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Sydney craft beer guide

Everything you need to know about craft beer: where to get it, who's brewing the best and what you should be drinking at any occasion

Thanks to the boutique brewing boom, local watering holes are boasting seasonal brews on tap, craft breweries are opening up all over Sydney, and we have two annual festivals dedicated to all things craft beer. Here's where to get in on the sudsy fun.

The best craft beer Sydney has to offer

Bars

The best brewery bars in Sydney

We're spoiled for choice when it comes to venues serving craft beer in this city, but there's something extra special about drinking a beer in the place it was made, which is why you should make tracks to these excellent breweries serving the best craft beer Sydney has to offer.

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Shopping

Craft beer subscriptions

You know what's a great present idea? A drinkable subscription. But wine is a tricky thing to pick for other people – beer is an entirely different beast. If someone is a craft beer fan then they'll know what they like, but if a box arrives full of freaky ferments they'll also dive right in and see if a strawberry saison is for them. It's literally the gift that keeps on giving, and each delivery brings with it the promise of a trip to flavour town, every time.

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Brewery Bars pouring crazy fresh beers

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4 Pines Brewing Company

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Batch Brewing Co

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Flat Rock Brew Cafe

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The Grifter Brewing Co

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The Lord Nelson Brewery Hotel

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Modus Operandi

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Restaurants

Nomad

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Redoak Boutique Beer Café

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Rocks Brewery and Bar

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Young Henrys

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Wayward Brewing Co

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Willie the Boatman

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Where to get the good stuff

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Where to buy a growler

Some things in bulk are disgusting, like margarine or any kind of dairy product. But beer in big serves is a thing a beauty, which is why the 1.89L growler makes for the perfect vessel. It's enough fresh ale to share around a group of friends, or to keep one very thirsty person out of trouble for a couple of days. And you also feel a bit like an old-timey pirate lugging a hug glass bottle of beer around, which only adds to the appeal.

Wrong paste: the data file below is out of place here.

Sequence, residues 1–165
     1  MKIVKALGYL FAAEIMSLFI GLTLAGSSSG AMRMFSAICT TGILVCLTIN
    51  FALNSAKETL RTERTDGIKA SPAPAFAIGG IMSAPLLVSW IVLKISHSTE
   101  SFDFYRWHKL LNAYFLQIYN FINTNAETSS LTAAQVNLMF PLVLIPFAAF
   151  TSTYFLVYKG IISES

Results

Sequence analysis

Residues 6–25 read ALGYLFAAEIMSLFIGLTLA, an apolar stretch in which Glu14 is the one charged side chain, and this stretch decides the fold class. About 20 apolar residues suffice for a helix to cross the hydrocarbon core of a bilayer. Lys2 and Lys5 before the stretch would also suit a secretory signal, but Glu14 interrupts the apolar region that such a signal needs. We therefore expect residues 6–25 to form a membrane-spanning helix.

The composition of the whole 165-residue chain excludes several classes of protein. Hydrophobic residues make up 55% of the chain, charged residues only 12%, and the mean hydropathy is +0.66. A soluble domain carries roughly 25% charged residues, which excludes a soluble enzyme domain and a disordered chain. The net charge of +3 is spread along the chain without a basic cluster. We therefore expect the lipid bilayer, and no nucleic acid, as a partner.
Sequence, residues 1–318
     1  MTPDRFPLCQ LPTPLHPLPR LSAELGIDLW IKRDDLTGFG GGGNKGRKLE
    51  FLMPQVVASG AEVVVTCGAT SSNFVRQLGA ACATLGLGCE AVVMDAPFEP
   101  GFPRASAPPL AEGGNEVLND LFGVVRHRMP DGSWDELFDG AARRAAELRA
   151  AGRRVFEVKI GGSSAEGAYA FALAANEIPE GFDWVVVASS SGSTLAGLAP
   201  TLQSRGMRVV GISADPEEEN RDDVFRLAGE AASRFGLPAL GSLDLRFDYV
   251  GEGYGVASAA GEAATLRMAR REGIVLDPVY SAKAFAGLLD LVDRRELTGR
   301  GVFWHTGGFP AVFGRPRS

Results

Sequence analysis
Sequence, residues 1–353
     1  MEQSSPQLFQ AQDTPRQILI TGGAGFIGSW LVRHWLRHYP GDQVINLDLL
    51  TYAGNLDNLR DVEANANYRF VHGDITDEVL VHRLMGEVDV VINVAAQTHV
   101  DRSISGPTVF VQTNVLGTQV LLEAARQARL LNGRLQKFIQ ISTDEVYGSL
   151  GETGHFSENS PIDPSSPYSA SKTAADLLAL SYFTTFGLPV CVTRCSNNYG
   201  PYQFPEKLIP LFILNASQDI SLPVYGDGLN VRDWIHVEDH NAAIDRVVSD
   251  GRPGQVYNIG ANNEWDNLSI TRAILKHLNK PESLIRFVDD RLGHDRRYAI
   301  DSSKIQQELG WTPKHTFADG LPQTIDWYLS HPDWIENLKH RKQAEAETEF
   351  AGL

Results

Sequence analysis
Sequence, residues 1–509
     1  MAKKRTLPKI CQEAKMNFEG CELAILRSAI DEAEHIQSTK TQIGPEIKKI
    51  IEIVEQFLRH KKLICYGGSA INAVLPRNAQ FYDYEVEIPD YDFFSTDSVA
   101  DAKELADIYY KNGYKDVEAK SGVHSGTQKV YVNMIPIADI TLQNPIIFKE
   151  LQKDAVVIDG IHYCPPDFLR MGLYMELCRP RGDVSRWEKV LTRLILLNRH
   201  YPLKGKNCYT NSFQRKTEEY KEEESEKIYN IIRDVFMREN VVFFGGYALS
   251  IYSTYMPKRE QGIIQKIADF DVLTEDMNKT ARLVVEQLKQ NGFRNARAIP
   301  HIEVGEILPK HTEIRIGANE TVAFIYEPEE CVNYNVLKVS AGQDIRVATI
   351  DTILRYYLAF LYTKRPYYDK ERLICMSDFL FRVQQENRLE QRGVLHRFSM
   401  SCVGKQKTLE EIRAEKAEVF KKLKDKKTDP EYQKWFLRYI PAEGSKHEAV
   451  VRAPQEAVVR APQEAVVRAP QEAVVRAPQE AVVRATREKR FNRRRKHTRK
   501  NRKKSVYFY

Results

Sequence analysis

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Bars

Where to get a tasting paddle

Being faced with a huge selection of craft beers is a nice problem to have. But what if you order that Belgian sour and it turns out it's not for you? What is you fill up on that pale ale and leave no room for the smoked proter you've been eyeing off? The solution to all your problems is the tasting paddle, allowing you to sample the best beers on offer until you find the one you want to drink a second, and maybe third time.

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Best craft beer pubs

Bars

Bitter Phew

There’s something pretty wonderful about a bar stripped back to the bare essentials. Turns out that if you can get your hands on a cold room, kegs, basic furniture, glasses, beef jerky and a string of fairy lights, you’ve got the key ingredients to make a small bar in Sydney. Opened in the early days of 2014, this tiny craft beer attic sits up above Oxford Street, two doors up from Ching-a-lings. But unlike its neighbour, Bitter Phew has eschewed any appearance of catering to the cool kids. Those exposed beams aren’t decorative - they’re holding the roof up. And there’s no turntable, but the stereo is getting two thumbs up for its Kurt Vile-heavy playlist – mood and music match nicely for a Wednesday evening. If you’re hungry, right now they only have jerky or you can order Mr Crackles to the bar until the kitchen gets new tenants. The sturdy wooden bar is built around the cold room and the taps feed straight out of the wall of the fridge. And they take their pour seriously. Each tap has two valves so that you can adjust the pressure to suit the carbonation of each beer. What’s coming out of those deliciously chilled spigots is twelve brews that span the full craft spectrum from cherry lambics and pepper steak porters through to crowd-pleasing pints of cider and pale ale. They post the current list on their Facebook page but we say go in blind and see what speaks to you. On our visit there’s a toasty, autumnal tobacco porter from Birra del Borgo that gets our attention, an